There are a number of reasons why organizations have historically chosen to migrate from legacy platforms to new ones, a primary one being the reduction of technical debt. In 2020, though, we’ve seen a new reason for migration arise: increased productivity.
A recent American study of 1,100 companies carried out by the Institute for Corporate Productivity and Professor Rob Cross of Babson College in Massachusetts found those that promoted collaborative work environments were five times more likely to be high performing. Without going into detail regarding the merits of collaboration, it’s rather clear that when done correctly, it can greatly improve the overall performance of an organization.
But where does collaboration fail or, more specifically, where does an enterprise collaboration strategy fail? The answer to that question can vary from organization to organization, but some common themes are:
- End-user confusion: what platform should I use when?
- Lack of visibility: collaboration silos are created, driven by the location of the data being worked on
- Disjointed or haphazard ways of working: each user, team, or business unit is left to determine their own way of collaborating and navigating multiple platforms
A greenfield approach can often succumb to all the above pitfalls. For example, let’s say an organization that historically leveraged on-premises SharePoint as their collaboration platform deploys Microsoft 365 and Teams with some end-user training.
- Where should active collaboration content reside? When is it appropriate to collaborate on-premises v cloud? How often will a user need to make this decision?
- What is driving the use of the new platform? Users and business units reluctant to change will most likely remain on-premises. What happens when there needs to be collaboration across business units?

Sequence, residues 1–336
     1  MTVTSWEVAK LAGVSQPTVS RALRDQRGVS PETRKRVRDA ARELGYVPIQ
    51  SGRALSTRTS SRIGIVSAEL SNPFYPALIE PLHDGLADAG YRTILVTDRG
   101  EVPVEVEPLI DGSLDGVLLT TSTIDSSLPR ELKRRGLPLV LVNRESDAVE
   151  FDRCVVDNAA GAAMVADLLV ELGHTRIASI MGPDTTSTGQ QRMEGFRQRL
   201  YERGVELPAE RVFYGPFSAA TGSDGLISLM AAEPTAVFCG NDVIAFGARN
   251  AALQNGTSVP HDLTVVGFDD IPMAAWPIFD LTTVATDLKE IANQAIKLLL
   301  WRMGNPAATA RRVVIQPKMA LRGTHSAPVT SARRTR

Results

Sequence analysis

- A business unit uses Teams for chat and for informal collaboration, but their legacy SharePoint site for formal collaboration. Some users share links, others use attachments in emails, and others simply upload content to both locations.
The result of this is typically an initial spike in adoption (it’s the new way to work!) with a gradual decline as users find it harder and harder to find what they need and be confident they are doing the right thing.
The Solution: Accelerated Migration
Organizational change management is always more difficult in remediation than it is on launch. The most successful rapid deployments of Microsoft 365 and Teams we’ve seen this year follow some very basic guidelines:
- OCM-light: Deadlines no longer offer many organizations the ability to perform a full OCM analysis and strategy. Instead, identify the methods and requirements that satisfy the majority of business needs, and implement an ongoing adoption framework to incorporate more specific requirements later.
- Implement controls: Both from a process and technology standpoint, align your organization’s collaboration goals with the proper controls to help your users do the right thing
- Migrate relevant content: The biggest inhibitor of successful adoption is having business-critical data located in other systems. Understand what content that is most critical and active within your organization and focus your initial efforts there. Other content can always be moved at a later date.